Kenya is paying nearly three times the current price of maize in South Africa, pointing to huge margins for traders but huge costs to the taxpayer.
The removal of duty on imported maize only helped to compound the profits raked in by the few wealthy traders who have the financial muscle to engage in large-scale imports.
Yesterday's average selling prices in South African markets were about Sh14,000 (SA Rand 1,750) per ton, or Sh1,360 per 90kg bag of white maize, market data at closing indicated.
An ongoing State-funded subsidy plan has also assured the importers of a ready market for their cheap maize, and at a guaranteed price of at least Sh3,600 per bag.
Already, Sh6.5 billion has been allocated to pay importers as the country pays the price for poor planning ahead of the crisis that sent flour prices through the roof in recent days.
"We shall pay Sh3,600 per bag for all maize before selling it to millers at Sh2,300," said Agriculture Cabinet Secretary Willy Bett after launching the subsidy plan last week.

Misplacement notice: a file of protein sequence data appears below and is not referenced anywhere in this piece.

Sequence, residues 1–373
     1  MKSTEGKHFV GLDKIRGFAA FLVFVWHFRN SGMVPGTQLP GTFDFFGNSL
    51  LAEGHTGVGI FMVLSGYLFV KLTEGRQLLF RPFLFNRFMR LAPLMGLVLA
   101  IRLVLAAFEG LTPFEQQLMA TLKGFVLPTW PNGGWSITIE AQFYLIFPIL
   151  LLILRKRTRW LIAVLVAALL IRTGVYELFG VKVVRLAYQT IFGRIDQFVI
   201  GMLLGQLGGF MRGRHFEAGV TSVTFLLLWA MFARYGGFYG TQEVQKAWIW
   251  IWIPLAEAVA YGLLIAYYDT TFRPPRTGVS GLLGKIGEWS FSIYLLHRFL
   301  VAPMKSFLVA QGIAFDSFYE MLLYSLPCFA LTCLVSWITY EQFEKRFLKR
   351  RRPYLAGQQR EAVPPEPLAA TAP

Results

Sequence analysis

In the proposed purchase price from the State, millers will pay an equivalent of Sh25,500 per metric ton – which is still lower than the landed price of maize from South Africa.
Estimates for shipping costs indicate that a vessel similar to IVS Pinehurst, the ship that delivered the 29,900 metric tonnes of maize imported from South Africa, would charge about Sh33 million for the work.
Danil Ostapenko, who works for an international freight brokerage firm known as Searates, gave The Standard a quote of $330,000 (Sh33 million) for a 30,000-ton consignment from Durban to Mombasa.
That is roughly equal to Sh1 for every kilo, or Sh100 for a 90kg bag.
Add the minimal cost of clearing and handling costs, and importers could have spent a maximum of Sh150 to move a bag of maize from warehouses at the Durban Port to a storage facility in Mombasa.
A breakdown of the supply chain of the imported maize from the source markets indicates that the traders are guaranteed a profit of Sh2,000 per bag.
A bumper harvest in SA is already underway and expected to depress prices.